Salman Rashid

Travel writer, Fellow of Royal Geographical Society

The funny side of… monkey business

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Old Mr Darwin said something about all life evolving to higher forms, which we take to mean that we were monkeys at one time. On the other hand, the Quran has a line about some Jewish miscreants being turned into monkeys. (Aside: With only a few date trees in Arabia, I wonder where the poor newly-evolved simians would have lived in that desert land.)

Here in merry old Lahore, we have our own bunch of folks struggling to return to the primate shape of their forefathers. And it all started about four years ago. An errant Qingqi (oh, who wretch invented this monster?) driver was booked by a traffic warden. Leaving his machine in the middle of the road, the driver quickly clambered up a power pylon that happened to be at hand. There, from ten metres high, he threatened to jump if the warden did not cancel his ticket.

The breaking news-wallahs arrived with their vans and cameras and a few million Lahoris, with all the time on their hands, hoping to be interviewed for television with regard to the monkey on the pylon, gathered for the spectacle of him jumping to his death. The tamasha, however, fizzled out when the high and the mighty of the traffic police arrived, gave the dutiful warden an earful and duly suspended him from work. Then they begged the monkey on the pylon to descend and continue imperilling the lives of other road users. The event received global coverage, thanks to the phenomenon of breaking news. What little was left was nicely covered by the vernacular press the following morning. This was just too great publicity and there was no stopping the brave people of Lahore from basking in it.

A loafer, habitually absent from work, booted out of his job at a local college, did a Qingqi-driver replay, and had to be begged to please return to the job that he never did. The caper was now in full flow. Then there was the case of the employee of the Model Town Society: Attending work when he thought fit, which was about two days a week, he was dismissed from service. Thankfully, a power pylon was at hand at the corner of Ferozepur Road and Model Town. Up went Monkey Man as a few-million-strong audience materialised as if sprouted from the ground. The breaking news-wallahs elbowed their way to the pylon-side vantage, and pretty soon, the president and his minions at the Society came grovelling for the man to please take his job back and continue without doing a jot of decent work.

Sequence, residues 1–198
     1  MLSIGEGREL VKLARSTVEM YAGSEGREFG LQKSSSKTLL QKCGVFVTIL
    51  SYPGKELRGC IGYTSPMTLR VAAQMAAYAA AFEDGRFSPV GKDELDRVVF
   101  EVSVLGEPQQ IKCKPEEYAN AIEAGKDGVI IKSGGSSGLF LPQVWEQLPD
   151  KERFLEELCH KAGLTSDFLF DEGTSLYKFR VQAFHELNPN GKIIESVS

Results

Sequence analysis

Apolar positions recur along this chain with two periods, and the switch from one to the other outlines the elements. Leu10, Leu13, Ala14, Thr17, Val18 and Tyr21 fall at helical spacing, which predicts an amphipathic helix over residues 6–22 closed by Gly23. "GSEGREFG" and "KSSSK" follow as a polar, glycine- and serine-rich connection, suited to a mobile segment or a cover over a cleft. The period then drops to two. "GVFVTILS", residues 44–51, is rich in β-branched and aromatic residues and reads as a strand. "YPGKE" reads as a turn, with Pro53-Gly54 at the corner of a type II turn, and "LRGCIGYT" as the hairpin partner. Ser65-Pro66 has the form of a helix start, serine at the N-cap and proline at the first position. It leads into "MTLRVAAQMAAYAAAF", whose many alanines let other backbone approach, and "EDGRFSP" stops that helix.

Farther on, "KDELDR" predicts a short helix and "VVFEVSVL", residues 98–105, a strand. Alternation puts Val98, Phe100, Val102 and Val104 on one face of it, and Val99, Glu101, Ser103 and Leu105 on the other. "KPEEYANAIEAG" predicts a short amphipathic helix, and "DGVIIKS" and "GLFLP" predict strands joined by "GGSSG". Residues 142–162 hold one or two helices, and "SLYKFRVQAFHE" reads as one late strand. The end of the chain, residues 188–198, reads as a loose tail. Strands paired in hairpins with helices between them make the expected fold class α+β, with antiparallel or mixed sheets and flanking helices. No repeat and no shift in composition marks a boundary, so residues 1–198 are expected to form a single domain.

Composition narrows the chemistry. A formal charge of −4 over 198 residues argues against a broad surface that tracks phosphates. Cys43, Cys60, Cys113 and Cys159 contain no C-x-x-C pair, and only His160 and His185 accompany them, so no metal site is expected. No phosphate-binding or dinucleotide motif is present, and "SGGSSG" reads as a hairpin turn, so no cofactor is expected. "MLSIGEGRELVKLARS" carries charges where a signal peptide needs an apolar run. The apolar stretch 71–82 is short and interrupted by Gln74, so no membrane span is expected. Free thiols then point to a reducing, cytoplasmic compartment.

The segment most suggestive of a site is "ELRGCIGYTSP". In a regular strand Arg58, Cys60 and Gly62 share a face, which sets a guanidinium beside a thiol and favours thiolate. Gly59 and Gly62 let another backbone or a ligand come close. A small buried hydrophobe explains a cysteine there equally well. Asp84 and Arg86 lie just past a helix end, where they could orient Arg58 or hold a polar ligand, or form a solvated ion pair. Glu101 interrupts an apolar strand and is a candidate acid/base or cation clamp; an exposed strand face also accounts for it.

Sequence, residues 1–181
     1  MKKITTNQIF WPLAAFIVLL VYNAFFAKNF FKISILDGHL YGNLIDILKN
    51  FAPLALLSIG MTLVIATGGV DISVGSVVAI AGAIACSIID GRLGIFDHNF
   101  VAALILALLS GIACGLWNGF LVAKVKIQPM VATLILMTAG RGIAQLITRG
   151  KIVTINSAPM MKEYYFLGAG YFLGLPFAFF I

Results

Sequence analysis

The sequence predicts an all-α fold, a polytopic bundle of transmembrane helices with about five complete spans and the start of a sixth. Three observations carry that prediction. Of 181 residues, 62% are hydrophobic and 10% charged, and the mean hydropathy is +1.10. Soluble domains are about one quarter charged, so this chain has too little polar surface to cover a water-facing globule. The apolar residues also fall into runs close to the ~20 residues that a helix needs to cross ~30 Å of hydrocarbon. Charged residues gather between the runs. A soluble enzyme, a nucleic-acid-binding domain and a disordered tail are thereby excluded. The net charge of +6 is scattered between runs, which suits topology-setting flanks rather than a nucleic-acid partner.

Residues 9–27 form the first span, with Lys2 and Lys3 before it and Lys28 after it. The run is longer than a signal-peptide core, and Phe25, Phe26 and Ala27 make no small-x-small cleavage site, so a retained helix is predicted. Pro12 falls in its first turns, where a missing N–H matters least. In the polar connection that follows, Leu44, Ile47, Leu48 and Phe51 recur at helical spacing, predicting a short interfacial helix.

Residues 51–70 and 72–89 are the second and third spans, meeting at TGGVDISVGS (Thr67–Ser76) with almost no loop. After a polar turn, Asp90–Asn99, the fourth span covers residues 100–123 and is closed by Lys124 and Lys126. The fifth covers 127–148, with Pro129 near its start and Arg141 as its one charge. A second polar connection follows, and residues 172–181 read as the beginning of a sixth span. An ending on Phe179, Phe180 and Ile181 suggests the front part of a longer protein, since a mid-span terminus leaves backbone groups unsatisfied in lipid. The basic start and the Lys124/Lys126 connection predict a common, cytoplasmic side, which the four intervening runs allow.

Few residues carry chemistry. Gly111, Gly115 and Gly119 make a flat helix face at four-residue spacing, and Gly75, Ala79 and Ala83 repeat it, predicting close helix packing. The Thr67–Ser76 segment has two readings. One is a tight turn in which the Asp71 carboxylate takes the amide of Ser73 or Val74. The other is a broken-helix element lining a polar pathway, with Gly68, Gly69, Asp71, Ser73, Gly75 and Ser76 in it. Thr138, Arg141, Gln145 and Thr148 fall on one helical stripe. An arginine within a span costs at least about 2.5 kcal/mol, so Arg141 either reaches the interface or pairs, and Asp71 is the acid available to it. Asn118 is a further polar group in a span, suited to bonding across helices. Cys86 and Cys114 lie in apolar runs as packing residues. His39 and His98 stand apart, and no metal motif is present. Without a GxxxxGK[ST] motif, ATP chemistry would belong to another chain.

Since then, this has been the usual practice: Do no good and when penalised, climb up the nearest power pylon with no intention of throwing yourself to your death. It never fails. Only now the breaking news teams have wearied of carrying on because, as the inimitable Mirza Ghalib said, “Dekhnay hum bhi gai thay per tamasha na hua” — no one has ever come plummeting to his death. But Lahoris being what they are, there is never any dearth of a vast audience.

In these past four years since the advent of the Qingqi-monkey-on-the pylon, Lahore has witnessed at least half a dozen such cases — cases that were reported. But then ennui set in because there was no blood-and-gore excitement and television crews simply gave up on this business. Monkeys still climb pylons, wait up there for some time and when nothing happens, save the catcalls of a dozen spectators, get down and go back to business as usual.

The fault is not in the stars, however; it is in the power pylons. Get rid of them or we will evolve into monkeys!

This also appeared in Herald January 2014

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posted by Salman Rashid @ 12:00 AM,

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My Books

Deosai: Land of the Gaint - New

The Apricot Road to Yarkand


Jhelum: City of the Vitasta

Sea Monsters and the Sun God: Travels in Pakistan

Salt Range and Potohar Plateau

Prisoner on a Bus: Travel Through Pakistan

Between Two Burrs on the Map: Travels in Northern Pakistan

Gujranwala: The Glory That Was

Riders on the Wind

Books at Sang-e-Meel

Books of Days